• June 13, 2019

How can the US, Europe and indeed the rest of the world respond to the emerging giant? James Kynge, author of the recently published China. In China Shakes the World, the former China bureau chief of the Financial Times, James Kynge, traces these tremors from Beijing to Europe to the Midwest as. The new China, the nation that in 25 years has changed beyond all recognition is becoming an industrial powerhouse for the world. James Kynge shows not.

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This is a cursory look at the current state of China, it’s relationship to the rest of the world, and the problems and opportunities provided by it’s emergence.

China Shakes the World : A Titan’s Rise and Troubled Future–And the Challenge for America

There will also be a description of how Chinese workers and enterprisers enter the Italian textile center of Prato and provide first an economic boom, and then a threat worl its existence. Possibly it’s also because I feel the disregard for human life — other people’s lives, I mean — is part of Chinese history. US Show more US links.

Do you believe China can make a transition from industrialism to post-industrialism given that there is a huge chasm between being a global leader for conventional manufacturing and producing post-industrial products?

I think anyone interested in what is happening politically, economically and chinq should read this book. Linus Vieira marked it as to-read Jun 22, I think there are a number of things going on.

But for all its world-shaking potential, notes Kynge, “China’s endowments are deeply lopsided. Thus, the above phrase — disregard for human life is endemic — can be turned around, to the equal statement: Is China now the fourth largest economy in the world or the workd largest in PPP terms?


Kynge, the Financial Times ‘s former Beijing bureau chief, makes the voracious “appetites” of jamed new China his constant concern, as he uncovers the sources of and limitations on the giant country’s epochal growth.

As a result I was left with the feeling that I often have after reading articles in the Economist or the Atlantic Monthly o Interesting, definitely. Essential reading has a whole new definition.

Aug 09, Erin rated it really liked it Shelves: I subscribe to the first viewpoint that you offer. This book was ok. Is it possible that instead of witnessing a huge economic success, we are observing the dismantling of the last communist stronghold?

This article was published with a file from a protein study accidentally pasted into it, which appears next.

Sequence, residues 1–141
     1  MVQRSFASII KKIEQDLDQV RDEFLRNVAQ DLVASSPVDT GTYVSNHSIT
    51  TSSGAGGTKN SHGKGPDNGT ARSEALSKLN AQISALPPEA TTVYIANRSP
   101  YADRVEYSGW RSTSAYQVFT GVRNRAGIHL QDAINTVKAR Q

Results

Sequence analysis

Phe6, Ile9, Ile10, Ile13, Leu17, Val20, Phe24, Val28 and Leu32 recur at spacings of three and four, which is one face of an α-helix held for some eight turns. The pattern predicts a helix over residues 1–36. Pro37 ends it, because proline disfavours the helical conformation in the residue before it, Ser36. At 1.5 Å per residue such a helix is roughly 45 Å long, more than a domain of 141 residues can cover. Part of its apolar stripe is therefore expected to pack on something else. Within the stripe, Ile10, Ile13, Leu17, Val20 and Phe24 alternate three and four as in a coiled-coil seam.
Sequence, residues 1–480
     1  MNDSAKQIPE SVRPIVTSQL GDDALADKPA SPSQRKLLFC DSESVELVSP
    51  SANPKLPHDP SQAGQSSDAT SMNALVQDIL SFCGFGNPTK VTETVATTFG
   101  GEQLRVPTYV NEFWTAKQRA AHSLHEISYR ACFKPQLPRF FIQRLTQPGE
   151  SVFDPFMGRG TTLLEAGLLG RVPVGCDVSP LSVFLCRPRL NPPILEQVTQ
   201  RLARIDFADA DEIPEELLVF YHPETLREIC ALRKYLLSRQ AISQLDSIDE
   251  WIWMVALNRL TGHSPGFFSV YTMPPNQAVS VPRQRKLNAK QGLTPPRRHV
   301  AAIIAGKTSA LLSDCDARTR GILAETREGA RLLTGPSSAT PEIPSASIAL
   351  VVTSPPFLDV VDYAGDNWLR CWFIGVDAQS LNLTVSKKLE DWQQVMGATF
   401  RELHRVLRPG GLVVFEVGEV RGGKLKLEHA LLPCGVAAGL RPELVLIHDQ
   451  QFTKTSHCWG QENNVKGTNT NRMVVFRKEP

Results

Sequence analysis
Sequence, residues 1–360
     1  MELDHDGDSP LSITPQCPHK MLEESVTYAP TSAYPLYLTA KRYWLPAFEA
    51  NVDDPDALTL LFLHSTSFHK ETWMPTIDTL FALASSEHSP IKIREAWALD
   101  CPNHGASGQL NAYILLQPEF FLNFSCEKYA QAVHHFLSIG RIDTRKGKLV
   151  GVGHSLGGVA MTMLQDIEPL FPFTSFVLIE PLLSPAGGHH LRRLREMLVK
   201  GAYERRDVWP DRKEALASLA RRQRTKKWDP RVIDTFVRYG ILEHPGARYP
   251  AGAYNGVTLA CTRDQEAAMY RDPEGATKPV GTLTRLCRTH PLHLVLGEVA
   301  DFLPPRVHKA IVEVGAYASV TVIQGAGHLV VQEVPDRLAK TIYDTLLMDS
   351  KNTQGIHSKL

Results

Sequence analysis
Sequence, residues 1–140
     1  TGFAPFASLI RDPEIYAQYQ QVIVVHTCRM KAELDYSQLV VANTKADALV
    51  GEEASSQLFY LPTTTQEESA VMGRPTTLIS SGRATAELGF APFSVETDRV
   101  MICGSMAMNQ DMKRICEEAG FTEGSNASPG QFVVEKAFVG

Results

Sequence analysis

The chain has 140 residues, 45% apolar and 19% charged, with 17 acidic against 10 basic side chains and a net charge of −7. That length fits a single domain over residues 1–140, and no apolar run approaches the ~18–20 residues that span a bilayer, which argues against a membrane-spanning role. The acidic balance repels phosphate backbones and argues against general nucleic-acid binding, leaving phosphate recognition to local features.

It’s not just another roundup of stories about the “China miracle” and how much Western CEOs are loving doing business in China. Jun 08, Todd Stockslager rated it really liked it Shelves: What are your thoughts?

There is another dimension of this. This implies that if he had been someone less well-regarded he’d have been butchered with nary a thought. My feeling is that if China meets the criteria of a market wrld, it should be designated as one.

The downside however is great indeed. Personal Finance Show more Personal Finance links. I loved the whole book, but a part at the end shhakes me of living in If you are interested in China and it’s inner workings, or why it has becomes the world industrial zone, and jamea this means for America’s future since our country now owes them a lot of money! Kynge’s vivid anecdotes paint shake picture of a country that in many ways is downright freakish and unbelievably unfair and corrupt.


His paean to the Three Gorges Dam was interesting to read before I went to see “Up the Yangtze” which was a film that was packed here in Anchorage, though I cannot figure out why. The author details the historical context for prevailing social attitudes in present day China.

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Despite this fact, for nebulous reasons I am having difficulty articulating, this book wasn’t as satisfying as I was expecting. But it would be a mistake to assume that because China has all but jettisoned ideological communism, it will similarly discard the rule of jams Communist Party.

I don’t know what is so appealing about this sub-genre of nonfiction political analysis–perhaps it is the sheer scale of the China’s geopolitical role fascinates shakew. Awesome read, but definitely plays a little into the fears that Americans have of China.

China Shakes the World: The Rise of a Hungry Nation: James Kynge: : Books

Books of the Week. When I first came back to China in JanuaryI was talking with my office director about books on China, and he told me, “The best book on modern China has to be China Shakes the World. View Full Version of PW.